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Journal Article

Photoreactive neurohypophyseal hormone analogs: effects on transport processes in mammalian and amphibian epithelia


Fahrenholz,  Falk
Department of Physical Chemistry, Max Planck Institute of Biophysics, Max Planck Society;

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Fahrenholz, F., Eggena, P., Gazis, D., Tóth, M. V., & Schwartz, I. L. (1986). Photoreactive neurohypophyseal hormone analogs: effects on transport processes in mammalian and amphibian epithelia. Endocrinology, 118(3), 1026-1031. doi:10.1210/endo-118-3-1026.

Cite as: http://hdl.handle.net/21.11116/0000-0007-AEC4-8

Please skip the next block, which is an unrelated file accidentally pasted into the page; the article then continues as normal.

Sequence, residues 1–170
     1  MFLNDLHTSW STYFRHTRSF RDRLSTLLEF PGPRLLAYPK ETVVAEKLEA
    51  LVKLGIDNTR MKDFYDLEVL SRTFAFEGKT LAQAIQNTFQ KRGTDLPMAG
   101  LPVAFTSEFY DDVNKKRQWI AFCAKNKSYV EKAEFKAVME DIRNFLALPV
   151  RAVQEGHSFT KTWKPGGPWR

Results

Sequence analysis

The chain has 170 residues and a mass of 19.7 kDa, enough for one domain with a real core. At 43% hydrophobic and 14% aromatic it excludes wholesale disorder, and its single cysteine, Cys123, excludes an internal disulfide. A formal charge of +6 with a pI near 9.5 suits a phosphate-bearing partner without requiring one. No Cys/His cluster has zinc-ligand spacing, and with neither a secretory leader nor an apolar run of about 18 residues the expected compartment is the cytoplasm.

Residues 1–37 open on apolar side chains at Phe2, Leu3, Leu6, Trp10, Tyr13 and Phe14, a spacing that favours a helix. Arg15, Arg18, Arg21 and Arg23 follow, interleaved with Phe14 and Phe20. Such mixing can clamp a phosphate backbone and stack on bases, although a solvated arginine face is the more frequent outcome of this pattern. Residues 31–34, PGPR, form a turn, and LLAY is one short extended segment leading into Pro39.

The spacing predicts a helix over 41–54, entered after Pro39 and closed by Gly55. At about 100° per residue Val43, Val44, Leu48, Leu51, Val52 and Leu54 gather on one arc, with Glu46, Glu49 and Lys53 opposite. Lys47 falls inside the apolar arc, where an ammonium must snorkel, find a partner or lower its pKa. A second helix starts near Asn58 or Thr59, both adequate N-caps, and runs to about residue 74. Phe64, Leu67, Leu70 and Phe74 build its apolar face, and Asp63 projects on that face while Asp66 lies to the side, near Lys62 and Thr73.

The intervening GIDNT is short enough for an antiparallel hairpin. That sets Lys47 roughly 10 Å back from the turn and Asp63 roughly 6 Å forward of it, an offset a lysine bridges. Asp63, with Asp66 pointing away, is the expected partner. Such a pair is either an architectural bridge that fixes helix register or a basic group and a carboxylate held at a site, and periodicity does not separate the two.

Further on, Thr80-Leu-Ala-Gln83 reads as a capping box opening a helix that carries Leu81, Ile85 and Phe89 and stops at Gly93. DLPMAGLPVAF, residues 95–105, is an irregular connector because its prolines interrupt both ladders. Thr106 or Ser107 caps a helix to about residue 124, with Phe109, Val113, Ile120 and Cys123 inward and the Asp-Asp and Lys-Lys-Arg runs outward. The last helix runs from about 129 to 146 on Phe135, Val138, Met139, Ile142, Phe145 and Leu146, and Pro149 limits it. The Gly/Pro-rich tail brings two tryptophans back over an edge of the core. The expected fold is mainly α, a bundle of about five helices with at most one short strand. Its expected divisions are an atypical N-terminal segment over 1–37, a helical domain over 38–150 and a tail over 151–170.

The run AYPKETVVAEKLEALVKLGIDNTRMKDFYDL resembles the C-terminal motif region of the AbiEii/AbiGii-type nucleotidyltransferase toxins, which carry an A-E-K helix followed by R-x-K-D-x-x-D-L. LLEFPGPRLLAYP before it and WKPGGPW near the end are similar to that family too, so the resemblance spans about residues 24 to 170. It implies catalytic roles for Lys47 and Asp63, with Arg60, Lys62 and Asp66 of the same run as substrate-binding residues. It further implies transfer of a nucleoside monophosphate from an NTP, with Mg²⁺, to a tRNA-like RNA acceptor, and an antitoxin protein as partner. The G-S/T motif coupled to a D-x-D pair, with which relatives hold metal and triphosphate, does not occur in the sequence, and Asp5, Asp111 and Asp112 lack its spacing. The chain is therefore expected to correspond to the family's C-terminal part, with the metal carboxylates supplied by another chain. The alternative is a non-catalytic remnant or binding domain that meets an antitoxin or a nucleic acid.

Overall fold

The synthesis of the photoreactive neurohypophyseal hormone analog [3-(p-azidophenylalanine]arginine vasopressin [( Phe(p-N3)3]AVP is described. [Phe(p-N3)3]AVP exhibits a rat antidiuretic activity of 173 ± 18 U/mg and a high binding affinity for the renal V2 vasopressin receptor in bovine kidney; an apparent dissociation constant KD of (1.3 ± 0.2) X 10-8 M was determined. In the toad bladder [Phe(p-N3)3]AVP was the most potent photoreactive vasopressin analog studied to date. It stimulated urea transport to the same maximal value as AVP with an ED50 of (3.1 +/- 0.7) X 10(-8) M. After irradiation with UV light, [Phe(p-N3)3]AVP bound irreversibly to toad bladder receptors and generated a persistent increase in bladder permeability to urea and to water. Analogs of 1-deamino-vasopressin with a photoreactive aryl azido group either in position 4 or 8 of the vasopressin sequence retain substantial rat antidiuretic activity. Compounds with a photoreactive group in position 8 showed a low activity in the isolated toad bladder in the dark; but on exposure to UV light, the activity of these analogs increased both with respect to urea and water transport, and the permeability response persisted during prolonged periods of washout. These studies provide evidence that analogs of vasopressin with an azido moiety in position 3 or 8 bind covalently to toad bladder receptors and produce an irreversible stimulation of transport processes.